February 8, 2010 at 4:26 AM by cdisc
Those of us who started working toward a structured protocol representation in 2003 were motivated by the feeling that there had to be a better way to communicate information about a study than a text document. The protocol is at the heart of clinical research, so it's just not effective or efficient for all the parties involved to extract data from text, often the same piece of data multiple times.
The Protocol Model that was recently published is more abstract than the earlier CDISC interchange standards -- you can't use this standard to write down the information about a particular protocol in a form that someone else will understand. So what good is it?
My experience is that a lot of the work of agreeing on data standards is agreeing on definitions. Often the things that "everyone knows" aren't really that well known, and what one person knows may contradict what another person knows. Also, what people know at a gut level is often hard to articulate. The Protocol Model includes a lot of hard-won definitions. They don't show up in those UML diagrams, but they a big part of the standard. If you want to dip into the Protocol Model, I suggest browsing the definitions. Do they make sense to you? It could be that you recognize a concept, but it's got a somewhat different name than the one you would have used.
The other thing that the Protocol Model does is clarify the relationships between pieces of data. In my day job, I had a recent example of confusion about relationships. There was a question about whether we needed both a "center ID" and an "investigator ID." It turns out that we do, because there are cases where one investigator participates in a study at two different institutions or where two investigators participate in a study at the same institution. These are the kinds of questions that have been thought through and documented in the associations in the Protocol Model.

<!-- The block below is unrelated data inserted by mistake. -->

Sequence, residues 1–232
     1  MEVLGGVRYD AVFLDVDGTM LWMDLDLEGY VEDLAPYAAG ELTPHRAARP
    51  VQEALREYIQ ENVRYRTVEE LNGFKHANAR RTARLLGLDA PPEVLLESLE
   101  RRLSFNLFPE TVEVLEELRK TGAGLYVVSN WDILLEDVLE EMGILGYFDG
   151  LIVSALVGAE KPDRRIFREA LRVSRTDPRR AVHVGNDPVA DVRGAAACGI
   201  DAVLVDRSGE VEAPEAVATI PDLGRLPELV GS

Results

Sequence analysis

The abstract Protocol Model is a significant step toward what I really dream of -- applications that handle protocol information as data, and interchange standards that allow those applications to share and re-use the information.
The interchange standards are coming. The SDTM trial design datasets provide a format for a small subset of the protocol information. The CDISC xml Technologies team has a draft of a study design extension for ODM and plans for developing a protocol extension. The Clinical Trial Registration and Results (CTR&R) project at HL7 has used the BRIDG Model, of which the Protocol is a subset, in order to build a message that can, in future, be used to register trials, e.g., with clinicaltrials.gov, EudraCT & WHOICTRP. The message development was fast because the information model already existed.
The applications are coming, too. A domain analysis model like the Protocol Model is a great springboard for software developers, who can use it to understand data requirements. When you talk to vendors about their products, ask them whether they have the capability to export or import data based on the Protocol Model, and whether they are looking to use one of the developing interchange standards to do so.
My dream hasn't come true yet, but I can see that it's much closer, and much more concrete than it was. For me, the release of the Protocol Model is definitely worth celebrating.
Manager, Data Standards
Tags: BRIDG, SDTM, Protocol, ODM,